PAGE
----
I still get a kick (not literally, that's the point) out of being able to walk around amongst all of these animals without any of them getting up. In my opinion a cow's rest is as important as anything else, so habituating them to my close presence enables me to do what I need to do while they carry on doing their own thing without disturbance.
These are the insemination mob (in the Pig Paddock) where I came to check under their tails for signs of fertile mucous to indicate their oestrus status. Most of them are pregnant, so there was nothing to see.
Thea, having learned that cows really like Puriri leaves, collected them whenever we or she was out in the paddocks and fed them to them. She called them Perdity leaves. I spelt Puriri for her and explained the "tongue tap" nature of the production of r in te reo Māori (much shorter than a rolled r), but she stuck with her own version.
Several times in the last couple of nights I've been woken by pain and numbness in my arms. I'm not sure whether my arm pain indicates the onset of an overuse condition, or is simply a normal symptom of my body's response to unusual activity. In either case, it's making it difficult to do other things and I'm now not sleeping well. This morning Stephan announced that he would do the actual milking, being one job he could conceivably do to take some of the pressure off me and so we planned how we'd manage it safely.
He made his way very carefully down to the shed (it's about as far as going to the bathroom and back from where he lies on the fold-out couch in the living room) and waited safely penned in the calf pen while I brought Zella in and washed her teats. Stephan then hopped around to sit on his stool and begin. If Zella weren't such a quiet-natured cow, this would not be an option; but she hardly flicked an ear as Stephan moved in this odd manner toward her. She never kicks and when she does move her feet a little for comfort, she feels the bucket and never knocks it over. I stood at Zella's rear, with my hand on her the whole time, so I could anticipate any movement backward. We tried putting the chain around her, but it makes it really uncomfortable for the milker.
Very conscious of the pins sticking out the end of Stephan's toe, we both moved very carefully and deliberately at all times. When he was finished, Stephan stood and made his way out of the shed before I allowed Zella to move. It all went very smoothly.
This does not count as "light duties", this is "mental health maintenance" because watching me wear myself out is making Stephan very unhappy and this is something he can quickly do which saves me quite a lot of energy without him being up for very long.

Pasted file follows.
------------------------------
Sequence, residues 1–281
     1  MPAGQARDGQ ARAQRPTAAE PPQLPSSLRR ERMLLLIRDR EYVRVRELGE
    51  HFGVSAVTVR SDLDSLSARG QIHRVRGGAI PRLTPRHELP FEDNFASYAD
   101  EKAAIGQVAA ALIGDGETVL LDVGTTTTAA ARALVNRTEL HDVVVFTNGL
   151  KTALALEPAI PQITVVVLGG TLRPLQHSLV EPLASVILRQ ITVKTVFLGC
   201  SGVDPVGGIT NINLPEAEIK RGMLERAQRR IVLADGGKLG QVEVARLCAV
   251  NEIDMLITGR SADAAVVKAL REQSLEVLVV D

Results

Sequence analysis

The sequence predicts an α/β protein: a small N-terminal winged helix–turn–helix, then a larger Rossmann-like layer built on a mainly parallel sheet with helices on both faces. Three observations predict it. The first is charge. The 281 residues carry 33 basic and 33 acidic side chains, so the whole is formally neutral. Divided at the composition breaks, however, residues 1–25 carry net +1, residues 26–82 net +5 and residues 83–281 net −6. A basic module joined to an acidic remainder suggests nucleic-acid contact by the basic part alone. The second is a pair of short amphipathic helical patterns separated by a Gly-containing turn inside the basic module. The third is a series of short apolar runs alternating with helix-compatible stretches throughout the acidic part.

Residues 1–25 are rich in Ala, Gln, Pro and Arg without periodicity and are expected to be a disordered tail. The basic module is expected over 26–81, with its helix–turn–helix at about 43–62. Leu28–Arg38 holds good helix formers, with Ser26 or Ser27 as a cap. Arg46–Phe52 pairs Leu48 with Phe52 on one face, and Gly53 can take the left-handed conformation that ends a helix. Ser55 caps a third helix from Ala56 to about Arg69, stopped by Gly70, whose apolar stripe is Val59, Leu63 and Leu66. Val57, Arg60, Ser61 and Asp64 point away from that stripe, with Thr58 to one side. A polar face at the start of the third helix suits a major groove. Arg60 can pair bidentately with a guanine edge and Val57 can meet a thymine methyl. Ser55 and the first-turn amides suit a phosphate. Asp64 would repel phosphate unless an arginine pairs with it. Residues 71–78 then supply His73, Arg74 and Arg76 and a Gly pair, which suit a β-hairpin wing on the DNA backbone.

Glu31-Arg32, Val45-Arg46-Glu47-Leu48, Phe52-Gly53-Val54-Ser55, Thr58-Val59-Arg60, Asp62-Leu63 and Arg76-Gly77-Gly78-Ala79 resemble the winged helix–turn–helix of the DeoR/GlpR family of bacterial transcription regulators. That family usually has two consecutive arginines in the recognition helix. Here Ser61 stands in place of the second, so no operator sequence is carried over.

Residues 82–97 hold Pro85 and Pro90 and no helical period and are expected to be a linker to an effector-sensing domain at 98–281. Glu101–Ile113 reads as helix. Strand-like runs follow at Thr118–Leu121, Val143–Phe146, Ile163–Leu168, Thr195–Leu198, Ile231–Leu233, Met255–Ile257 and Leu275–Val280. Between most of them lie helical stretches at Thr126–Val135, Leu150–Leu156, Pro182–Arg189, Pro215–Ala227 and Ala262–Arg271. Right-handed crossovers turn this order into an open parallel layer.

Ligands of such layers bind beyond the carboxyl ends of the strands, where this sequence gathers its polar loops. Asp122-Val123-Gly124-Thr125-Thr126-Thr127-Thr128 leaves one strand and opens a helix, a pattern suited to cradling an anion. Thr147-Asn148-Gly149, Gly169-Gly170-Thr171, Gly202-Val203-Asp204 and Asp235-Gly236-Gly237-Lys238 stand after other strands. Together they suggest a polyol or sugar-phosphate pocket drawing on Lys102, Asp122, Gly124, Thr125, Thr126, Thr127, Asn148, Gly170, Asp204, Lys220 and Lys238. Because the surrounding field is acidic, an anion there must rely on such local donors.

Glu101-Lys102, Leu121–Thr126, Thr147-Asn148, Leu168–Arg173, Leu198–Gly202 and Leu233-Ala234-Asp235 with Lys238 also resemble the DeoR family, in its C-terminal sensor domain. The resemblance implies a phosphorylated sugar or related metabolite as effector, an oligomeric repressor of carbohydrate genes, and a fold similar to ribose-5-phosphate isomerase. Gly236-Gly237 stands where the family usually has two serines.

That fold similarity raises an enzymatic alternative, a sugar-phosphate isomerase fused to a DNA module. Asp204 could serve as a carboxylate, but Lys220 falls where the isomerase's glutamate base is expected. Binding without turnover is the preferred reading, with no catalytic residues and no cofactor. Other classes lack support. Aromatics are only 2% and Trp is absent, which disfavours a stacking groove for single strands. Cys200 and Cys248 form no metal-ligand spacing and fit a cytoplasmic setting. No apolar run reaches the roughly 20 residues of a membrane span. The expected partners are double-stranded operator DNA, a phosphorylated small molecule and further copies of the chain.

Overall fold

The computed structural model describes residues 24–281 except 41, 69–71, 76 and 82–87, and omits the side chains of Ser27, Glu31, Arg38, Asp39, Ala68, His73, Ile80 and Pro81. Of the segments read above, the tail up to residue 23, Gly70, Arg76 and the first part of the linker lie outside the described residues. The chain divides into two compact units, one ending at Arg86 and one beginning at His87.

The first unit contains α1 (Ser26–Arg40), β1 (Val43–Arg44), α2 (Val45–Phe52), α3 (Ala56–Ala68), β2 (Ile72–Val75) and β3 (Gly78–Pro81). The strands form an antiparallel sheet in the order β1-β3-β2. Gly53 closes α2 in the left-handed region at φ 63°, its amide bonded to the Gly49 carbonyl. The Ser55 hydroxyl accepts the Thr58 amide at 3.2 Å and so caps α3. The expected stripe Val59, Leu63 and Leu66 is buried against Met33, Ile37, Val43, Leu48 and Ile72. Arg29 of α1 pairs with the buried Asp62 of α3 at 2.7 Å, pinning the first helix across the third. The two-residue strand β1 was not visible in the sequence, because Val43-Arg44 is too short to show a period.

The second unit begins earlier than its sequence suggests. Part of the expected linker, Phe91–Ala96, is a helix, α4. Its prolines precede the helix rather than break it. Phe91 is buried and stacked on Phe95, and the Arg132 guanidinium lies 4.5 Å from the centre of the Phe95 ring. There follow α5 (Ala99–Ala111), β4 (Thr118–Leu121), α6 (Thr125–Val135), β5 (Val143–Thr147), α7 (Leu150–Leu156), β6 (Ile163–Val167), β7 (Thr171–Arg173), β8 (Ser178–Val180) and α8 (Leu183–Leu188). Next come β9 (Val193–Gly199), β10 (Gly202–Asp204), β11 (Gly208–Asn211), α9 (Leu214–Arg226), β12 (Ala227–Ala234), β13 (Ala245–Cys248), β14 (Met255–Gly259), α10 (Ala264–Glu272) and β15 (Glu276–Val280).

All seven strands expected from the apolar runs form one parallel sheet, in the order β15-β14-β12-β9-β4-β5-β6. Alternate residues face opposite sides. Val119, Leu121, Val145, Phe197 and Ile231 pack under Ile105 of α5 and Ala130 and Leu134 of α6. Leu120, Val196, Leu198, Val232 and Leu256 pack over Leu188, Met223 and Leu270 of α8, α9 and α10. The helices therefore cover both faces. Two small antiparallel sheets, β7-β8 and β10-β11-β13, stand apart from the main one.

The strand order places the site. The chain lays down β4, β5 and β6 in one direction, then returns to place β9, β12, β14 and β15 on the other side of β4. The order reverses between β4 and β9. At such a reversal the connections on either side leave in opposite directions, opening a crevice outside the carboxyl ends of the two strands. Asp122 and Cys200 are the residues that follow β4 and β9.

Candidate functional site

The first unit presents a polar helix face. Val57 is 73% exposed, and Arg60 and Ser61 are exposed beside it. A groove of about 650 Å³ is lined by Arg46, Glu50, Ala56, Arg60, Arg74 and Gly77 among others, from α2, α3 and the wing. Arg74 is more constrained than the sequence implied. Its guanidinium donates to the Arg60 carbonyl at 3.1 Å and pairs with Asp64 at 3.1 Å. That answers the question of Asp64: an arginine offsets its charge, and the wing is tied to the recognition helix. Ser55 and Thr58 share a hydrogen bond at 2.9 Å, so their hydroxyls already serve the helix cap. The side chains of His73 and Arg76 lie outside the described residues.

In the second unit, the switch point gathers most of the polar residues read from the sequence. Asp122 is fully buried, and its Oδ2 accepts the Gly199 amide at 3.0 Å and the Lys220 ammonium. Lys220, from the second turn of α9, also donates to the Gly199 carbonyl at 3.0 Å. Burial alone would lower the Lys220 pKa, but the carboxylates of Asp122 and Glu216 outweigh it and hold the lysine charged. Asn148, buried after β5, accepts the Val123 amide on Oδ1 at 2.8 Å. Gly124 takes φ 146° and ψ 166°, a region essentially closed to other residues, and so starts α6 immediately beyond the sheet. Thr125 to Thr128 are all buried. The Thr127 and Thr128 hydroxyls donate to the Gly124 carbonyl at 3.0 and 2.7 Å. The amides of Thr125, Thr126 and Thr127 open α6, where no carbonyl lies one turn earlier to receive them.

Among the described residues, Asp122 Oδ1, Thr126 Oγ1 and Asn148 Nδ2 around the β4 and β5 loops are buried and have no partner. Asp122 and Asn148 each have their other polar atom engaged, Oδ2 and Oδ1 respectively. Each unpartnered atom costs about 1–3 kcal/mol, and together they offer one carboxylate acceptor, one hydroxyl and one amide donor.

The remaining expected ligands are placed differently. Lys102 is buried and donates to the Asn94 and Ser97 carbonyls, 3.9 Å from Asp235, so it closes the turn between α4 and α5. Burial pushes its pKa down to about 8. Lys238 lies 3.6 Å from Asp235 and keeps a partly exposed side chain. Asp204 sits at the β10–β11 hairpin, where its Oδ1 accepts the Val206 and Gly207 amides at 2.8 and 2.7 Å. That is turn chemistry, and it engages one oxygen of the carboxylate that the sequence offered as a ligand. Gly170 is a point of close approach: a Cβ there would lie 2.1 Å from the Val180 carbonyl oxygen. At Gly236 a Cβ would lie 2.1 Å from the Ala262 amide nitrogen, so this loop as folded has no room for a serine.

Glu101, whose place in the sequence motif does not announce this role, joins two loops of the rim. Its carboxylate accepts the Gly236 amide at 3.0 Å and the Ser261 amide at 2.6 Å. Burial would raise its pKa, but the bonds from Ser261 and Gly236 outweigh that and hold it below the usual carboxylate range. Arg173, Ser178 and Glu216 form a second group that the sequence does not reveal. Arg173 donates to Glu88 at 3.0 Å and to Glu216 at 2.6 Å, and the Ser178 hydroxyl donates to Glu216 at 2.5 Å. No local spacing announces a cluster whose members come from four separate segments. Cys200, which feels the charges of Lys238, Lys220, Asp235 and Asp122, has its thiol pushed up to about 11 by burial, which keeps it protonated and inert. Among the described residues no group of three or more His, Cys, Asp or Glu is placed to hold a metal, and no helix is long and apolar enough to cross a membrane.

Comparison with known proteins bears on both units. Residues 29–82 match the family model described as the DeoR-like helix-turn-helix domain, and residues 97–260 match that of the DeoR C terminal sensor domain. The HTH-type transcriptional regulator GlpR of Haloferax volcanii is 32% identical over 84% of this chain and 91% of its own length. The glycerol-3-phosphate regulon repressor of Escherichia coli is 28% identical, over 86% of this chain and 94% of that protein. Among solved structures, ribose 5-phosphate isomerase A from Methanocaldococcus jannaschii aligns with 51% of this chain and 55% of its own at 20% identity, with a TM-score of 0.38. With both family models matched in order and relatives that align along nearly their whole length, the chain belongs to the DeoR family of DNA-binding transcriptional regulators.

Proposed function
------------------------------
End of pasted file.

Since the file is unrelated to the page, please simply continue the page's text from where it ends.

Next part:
I spotted this dead fish in the stream where I crossed to check on the cows in the Back Barn this afternoon and put it out on a rock to take its picture. I think it's a Common Bully.
Thea again, this time with Zella and Imagen and the calves. Thea has her hand on Zella's nose, trying to fend her off in an attempt to offer the leaves to one of the calves, but as they haven't yet developed a taste for Puriri, she eventually failed in her favouritism.
This is a rather large live mussel from the stream which runs down Diggers Valley. I don't recall seeing one of this size before, nor any empty shells brought out into the paddocks by the Pukeko.
There was a leak in the main water pipe where it goes through the stream near the back of the farm and Stephan had left it as a minor, five-minute job he could do whenever it became urgent or he had a spare afternoon. Over the last few days more water has been flowing out of the joint (higher pressure for some reason, or an animal walked in the hole which Stephan had previously dug to partially expose the problem?) and its repair became more pressing.
I gathered the tools we'd need and put Stephan in the ute, with a deck-chair on the back for him to sit comfortably as a repair consultant while Jim and I dug up the pipe and refitted the joiner. It wasn't complicated, just required a bit of care when digging, to avoid damaging the pipe and the joiner and a bit of back strength while digging out the earth and rocks. The stream has changed course slightly and the pipe must have been pushed a little to the side of its previously straight course, putting pressure on the joint.
We dropped Jim off on the way back to join Thea, who'd been feeding leaves to the house cows again and they walked them in for the night.
Thea talks to the cattle like an old cow-hand.
The water leak appears to have been fixed, the sediment slowly settling down because the water around the pipe is no longer moving.
I took this picture so I could use it as a record of the semen I still have in the bank. It's better to reconcile my records at the computer, than while holding the semen straws up in the warm air.
I've deliberately used a lot of straws I've had for a while this season and now have only these nine left: six of the double-defect-carrier CA Future Direction, one of his single-defect-carrier son Ardrossan Connection X15 and two of Schurrtop Reality X723, sire of the best bulls I've bred, including Joe 90, 87 and 89.
I'll fish out the empty purple and green containers before I send the bank back to Greg.
I spent an hour or so Ragwort hunting this afternoon, wanting to collect some flowering plants I'd seen in the Big Back. These Puka leaves were on the ground under the Puriri tree in which the vine is a large epiphyte.
I've been swimming!
Actually today was the third day I went in and because nobody else was around I could try the slide out at its fastest speed, without togs! It's fantastic fun. No wonder all the children run round and round again and again to repeatedly experience its very short thrill.
I took my own pictures, just for fun.